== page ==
[CentOS] Troubles for an non-IT beginner

Wed Jan 19 16:43:51 UTC 2011
m.roth at 5-cent.us <m.roth at 5-cent.us>

Les Mikesell wrote:
> On 1/19/2011 9:13 AM, John Hodrien wrote:
>> On Wed, 19 Jan 2011, Les Mikesell wrote:
>>> CentOS would likely only be used as a desktop OS by people who also run
>>> servers and like everything to be the same.  They all assemble
>>> approximately the same set of upstream packages, though, so it is
possible to make
>>> them all do the same things with varying amounts of work in finding
>>> packages that might be missing in the base distribution.
>> I do think CentOS gets unreasonably knocked as a desktop OS.  I
>> definitely don't use it on desktops *because* I run it on servers.
> The difference is that open source server software has been 'feature
> complete' for ages and the standards processes that change client/server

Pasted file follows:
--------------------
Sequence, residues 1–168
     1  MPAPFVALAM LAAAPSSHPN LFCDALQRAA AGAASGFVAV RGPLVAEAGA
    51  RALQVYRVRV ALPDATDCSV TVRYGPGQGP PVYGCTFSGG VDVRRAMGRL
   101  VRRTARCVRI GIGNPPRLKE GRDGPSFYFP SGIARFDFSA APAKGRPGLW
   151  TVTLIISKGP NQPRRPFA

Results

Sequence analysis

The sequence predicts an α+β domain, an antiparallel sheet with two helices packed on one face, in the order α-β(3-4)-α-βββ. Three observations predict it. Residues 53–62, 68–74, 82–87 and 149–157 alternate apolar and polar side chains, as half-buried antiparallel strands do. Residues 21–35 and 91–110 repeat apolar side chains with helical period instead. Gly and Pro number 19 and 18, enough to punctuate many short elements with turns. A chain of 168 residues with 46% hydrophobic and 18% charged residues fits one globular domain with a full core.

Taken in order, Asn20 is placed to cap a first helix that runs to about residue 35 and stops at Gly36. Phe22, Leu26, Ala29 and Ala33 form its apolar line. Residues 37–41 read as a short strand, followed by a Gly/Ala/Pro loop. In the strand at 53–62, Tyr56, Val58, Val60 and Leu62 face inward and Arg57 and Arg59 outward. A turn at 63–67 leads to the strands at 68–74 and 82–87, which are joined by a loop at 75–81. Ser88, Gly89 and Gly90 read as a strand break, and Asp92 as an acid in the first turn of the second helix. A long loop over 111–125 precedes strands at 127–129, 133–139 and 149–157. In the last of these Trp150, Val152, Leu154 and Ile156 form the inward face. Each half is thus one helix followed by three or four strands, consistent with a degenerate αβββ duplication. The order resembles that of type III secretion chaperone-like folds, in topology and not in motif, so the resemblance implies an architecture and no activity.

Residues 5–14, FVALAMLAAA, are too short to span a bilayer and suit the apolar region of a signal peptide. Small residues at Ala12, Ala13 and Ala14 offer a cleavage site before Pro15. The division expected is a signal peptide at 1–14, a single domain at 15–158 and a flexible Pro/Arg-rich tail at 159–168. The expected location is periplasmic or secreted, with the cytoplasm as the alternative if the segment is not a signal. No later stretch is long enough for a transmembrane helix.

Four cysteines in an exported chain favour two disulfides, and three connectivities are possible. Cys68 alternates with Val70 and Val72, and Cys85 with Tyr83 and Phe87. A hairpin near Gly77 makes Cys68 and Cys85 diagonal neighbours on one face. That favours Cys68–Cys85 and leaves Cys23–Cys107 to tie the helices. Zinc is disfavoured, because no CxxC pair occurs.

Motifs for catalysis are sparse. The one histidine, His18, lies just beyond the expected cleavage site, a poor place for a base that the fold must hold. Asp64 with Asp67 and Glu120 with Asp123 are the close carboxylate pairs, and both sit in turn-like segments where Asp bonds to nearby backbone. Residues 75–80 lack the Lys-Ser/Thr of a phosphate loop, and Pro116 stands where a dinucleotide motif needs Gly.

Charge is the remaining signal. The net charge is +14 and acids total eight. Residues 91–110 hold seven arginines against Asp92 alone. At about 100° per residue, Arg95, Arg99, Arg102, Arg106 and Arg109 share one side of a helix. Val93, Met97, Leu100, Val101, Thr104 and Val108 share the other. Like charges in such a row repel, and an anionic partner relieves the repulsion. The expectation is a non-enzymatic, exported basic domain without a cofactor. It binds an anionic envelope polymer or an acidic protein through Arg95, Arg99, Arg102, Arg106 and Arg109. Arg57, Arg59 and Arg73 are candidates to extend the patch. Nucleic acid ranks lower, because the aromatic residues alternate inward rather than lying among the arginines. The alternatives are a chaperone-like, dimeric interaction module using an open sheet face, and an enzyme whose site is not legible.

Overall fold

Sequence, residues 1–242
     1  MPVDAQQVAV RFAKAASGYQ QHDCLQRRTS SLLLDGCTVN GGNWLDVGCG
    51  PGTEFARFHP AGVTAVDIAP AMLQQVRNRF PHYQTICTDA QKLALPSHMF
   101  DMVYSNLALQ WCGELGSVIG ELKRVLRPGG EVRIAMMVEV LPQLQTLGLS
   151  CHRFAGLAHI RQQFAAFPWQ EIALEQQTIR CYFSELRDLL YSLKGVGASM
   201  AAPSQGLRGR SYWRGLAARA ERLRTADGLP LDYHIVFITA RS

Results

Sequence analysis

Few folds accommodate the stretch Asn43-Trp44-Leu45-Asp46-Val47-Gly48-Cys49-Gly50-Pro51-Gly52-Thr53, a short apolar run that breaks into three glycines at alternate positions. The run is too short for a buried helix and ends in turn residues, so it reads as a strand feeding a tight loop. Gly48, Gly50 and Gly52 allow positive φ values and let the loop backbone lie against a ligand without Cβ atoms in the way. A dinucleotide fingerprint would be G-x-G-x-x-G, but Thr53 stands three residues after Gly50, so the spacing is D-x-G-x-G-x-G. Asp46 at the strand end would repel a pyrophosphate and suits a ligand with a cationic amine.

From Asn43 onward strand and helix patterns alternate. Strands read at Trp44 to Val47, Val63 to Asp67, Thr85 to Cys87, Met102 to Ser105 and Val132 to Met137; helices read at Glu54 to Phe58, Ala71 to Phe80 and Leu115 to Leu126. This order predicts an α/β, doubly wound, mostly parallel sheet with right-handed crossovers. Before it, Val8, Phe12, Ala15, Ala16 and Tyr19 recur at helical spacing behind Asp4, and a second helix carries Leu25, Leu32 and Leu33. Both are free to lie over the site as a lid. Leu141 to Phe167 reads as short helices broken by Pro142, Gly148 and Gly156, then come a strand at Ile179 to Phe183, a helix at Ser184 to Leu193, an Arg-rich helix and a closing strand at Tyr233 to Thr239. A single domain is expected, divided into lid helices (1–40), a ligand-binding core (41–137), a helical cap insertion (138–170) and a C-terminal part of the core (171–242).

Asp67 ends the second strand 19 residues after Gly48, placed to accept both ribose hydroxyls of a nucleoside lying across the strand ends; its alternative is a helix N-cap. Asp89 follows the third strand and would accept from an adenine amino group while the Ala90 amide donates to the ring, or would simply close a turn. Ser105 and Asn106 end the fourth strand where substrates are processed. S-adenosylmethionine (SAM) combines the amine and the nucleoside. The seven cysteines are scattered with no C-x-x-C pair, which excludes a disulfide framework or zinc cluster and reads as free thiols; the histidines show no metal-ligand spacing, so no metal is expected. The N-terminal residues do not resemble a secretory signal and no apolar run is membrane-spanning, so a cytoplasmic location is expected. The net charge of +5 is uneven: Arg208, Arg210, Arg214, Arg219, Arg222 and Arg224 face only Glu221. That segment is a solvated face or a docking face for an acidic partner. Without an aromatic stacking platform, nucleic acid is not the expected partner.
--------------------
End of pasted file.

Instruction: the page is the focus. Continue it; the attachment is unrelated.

> interactions are very, very slow - so outdated versions of server
> software is not a problem as long as bug/security fixes are made.
> That's not true for desktop applications and environments.  If you don't
> have something current you are missing the improvements that many
> thousands of man-hours of work have made.  Personally, I use Windows at
I'll disagree here: I've seen hardly any "improvements" in any of the
(admittedly not a lot) of software I run. As a definition of this, let me
note that in '95, PC Mag ran a review of word processors, and noted that
90% of the users (then) used only 10% of the features, and the other 10%
of users who *did* use those features only used them about 10% of the

The last "oh, I like this" feature I can remember was when firefox
introduced tabs. On the other hand, a *lot* of "improvements" I find more
and more objectionable, such as thunderbird trying *very* hard to look and
act more and more like Lookout, er, Outlook, and I *LOATHE* the latest
versions of Outlook.